For Steven F. Weinberg, a Clyde and Ann Burch, Sr. Postdoctoral fellow at Oregon State University, studying glaucoma and seeing the grand Mayo Clinic eye clinic at CityWalk opened for the first time in his life. When he saw it, that moment in his own eyes melted away.
“I feel amazing that I just saw my family on such a beautiful day,” said Weinberg during a visit to Mayo Clinic. “That was the highlight of my day. That was life changing.”
The surgeons at Mayo Clinic were there to remove a giant scar, as doctors have on produce at the Embassy Row clinic and many places in the world fill the large eyelid area of the head. The surgery was done by Dr. Megha Mohan, an ophthalmologist at Mayo Clinic and Portland Clinic, standing next to a glass of crimson water.
“Without this scar the patient guesses what they would see in the eyes. One half of this person was blind and the other half was blinded as a form of therapy, so it was like seeing both eyes simultaneously,” said Mohan.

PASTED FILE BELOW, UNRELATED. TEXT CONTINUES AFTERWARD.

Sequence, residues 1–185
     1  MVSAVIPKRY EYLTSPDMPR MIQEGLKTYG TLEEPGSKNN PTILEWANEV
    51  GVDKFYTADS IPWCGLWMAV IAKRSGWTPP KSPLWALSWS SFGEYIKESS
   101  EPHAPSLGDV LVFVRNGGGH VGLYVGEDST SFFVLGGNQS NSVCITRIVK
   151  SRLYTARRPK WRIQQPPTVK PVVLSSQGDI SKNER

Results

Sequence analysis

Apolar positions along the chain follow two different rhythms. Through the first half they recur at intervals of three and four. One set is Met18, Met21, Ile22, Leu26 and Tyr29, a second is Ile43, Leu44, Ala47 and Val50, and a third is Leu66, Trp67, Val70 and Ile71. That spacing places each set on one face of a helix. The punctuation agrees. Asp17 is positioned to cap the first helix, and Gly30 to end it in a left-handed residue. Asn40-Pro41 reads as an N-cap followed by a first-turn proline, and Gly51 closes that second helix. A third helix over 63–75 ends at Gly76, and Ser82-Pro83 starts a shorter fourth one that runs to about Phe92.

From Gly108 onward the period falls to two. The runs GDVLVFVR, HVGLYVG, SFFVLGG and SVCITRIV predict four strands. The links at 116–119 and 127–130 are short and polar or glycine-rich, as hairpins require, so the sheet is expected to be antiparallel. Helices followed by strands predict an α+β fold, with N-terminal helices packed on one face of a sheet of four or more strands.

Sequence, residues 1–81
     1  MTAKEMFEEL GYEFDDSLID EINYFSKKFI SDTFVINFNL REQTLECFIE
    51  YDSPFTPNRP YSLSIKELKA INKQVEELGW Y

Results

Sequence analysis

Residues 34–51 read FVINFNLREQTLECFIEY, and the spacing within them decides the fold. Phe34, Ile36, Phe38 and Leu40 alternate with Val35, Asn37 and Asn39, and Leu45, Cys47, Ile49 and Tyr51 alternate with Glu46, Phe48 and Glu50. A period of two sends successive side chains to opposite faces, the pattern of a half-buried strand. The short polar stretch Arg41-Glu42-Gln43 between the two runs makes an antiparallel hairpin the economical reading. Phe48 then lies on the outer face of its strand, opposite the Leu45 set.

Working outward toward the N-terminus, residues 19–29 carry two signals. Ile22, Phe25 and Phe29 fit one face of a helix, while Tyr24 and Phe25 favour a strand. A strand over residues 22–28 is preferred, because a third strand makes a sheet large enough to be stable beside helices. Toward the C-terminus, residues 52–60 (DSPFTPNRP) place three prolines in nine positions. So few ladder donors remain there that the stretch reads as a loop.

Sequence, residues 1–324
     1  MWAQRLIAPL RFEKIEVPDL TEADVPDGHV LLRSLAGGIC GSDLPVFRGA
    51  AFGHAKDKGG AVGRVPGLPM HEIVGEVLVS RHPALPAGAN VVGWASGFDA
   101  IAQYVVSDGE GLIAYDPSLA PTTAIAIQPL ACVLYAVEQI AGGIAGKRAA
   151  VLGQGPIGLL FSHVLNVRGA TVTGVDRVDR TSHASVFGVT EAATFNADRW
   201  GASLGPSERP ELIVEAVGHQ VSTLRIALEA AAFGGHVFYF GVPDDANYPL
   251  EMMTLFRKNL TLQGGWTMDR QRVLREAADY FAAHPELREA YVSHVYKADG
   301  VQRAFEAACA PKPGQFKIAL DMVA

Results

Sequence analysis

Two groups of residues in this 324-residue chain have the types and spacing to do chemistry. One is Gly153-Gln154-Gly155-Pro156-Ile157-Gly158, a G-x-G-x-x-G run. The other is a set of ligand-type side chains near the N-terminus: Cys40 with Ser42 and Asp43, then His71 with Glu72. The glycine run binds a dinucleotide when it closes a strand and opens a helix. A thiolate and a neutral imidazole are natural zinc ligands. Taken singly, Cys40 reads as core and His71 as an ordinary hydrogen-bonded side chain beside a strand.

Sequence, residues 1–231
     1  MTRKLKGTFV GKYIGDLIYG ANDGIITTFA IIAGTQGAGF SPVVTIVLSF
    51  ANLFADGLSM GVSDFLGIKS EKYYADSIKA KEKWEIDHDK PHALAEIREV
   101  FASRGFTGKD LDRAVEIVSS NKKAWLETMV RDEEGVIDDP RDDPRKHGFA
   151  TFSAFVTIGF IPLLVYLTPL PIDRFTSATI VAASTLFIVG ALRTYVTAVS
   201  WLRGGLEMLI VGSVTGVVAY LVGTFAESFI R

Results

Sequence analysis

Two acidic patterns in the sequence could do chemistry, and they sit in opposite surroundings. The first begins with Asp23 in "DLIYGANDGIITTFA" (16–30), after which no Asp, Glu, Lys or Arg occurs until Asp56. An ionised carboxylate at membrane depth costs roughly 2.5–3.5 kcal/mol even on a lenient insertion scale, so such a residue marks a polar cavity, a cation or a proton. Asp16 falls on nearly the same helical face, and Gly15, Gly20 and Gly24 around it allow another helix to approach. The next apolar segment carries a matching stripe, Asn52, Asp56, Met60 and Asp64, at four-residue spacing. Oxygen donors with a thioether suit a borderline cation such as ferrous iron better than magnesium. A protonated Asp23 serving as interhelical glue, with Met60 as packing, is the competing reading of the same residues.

However, the condition is a rare and treatable and sees old and blind people who are more likely to have trouble seeing their own eyes again soon. One in five patients are expected to live less than 10 years, and one in six deaths occur within that time frame.
“I have patients and staff there attending to every possible glaucoma or eye disease and challenging their patience for a second sight,” said Mohan.
Every year, more than 200 people need to be treated, for glaucoma impacts have caused more than 1 million people to suffer mini-strokes. Mohan said fully managing glaucoma is not easy and will take concerted effort.
“I want to understand how they do it. I do not want to understand glaucoma’s complexity. If I understand one enzyme I can target, then there may be a drug that could contribute to glaucoma — much like what is in use today,” said Weinberg.
So, learning some of the glaucoma-related genes and the associated genes known to trigger the development of glaucoma are important for Weinberg who will grow to become a citizen scientist in the hope of curing increasing numbers of glaucoma and other eye and brain health conditions.
“This is not just a doctor’s journey,” he said. “From the beginning I was struck by how passionate people who had never seen my research in the eyes were when they couldn’t see me perform my first eye transplant surgery at Rotterdam Eye Center in Rotterdam, melding with my own challenge to get light into the eyes of the patients we saw there.”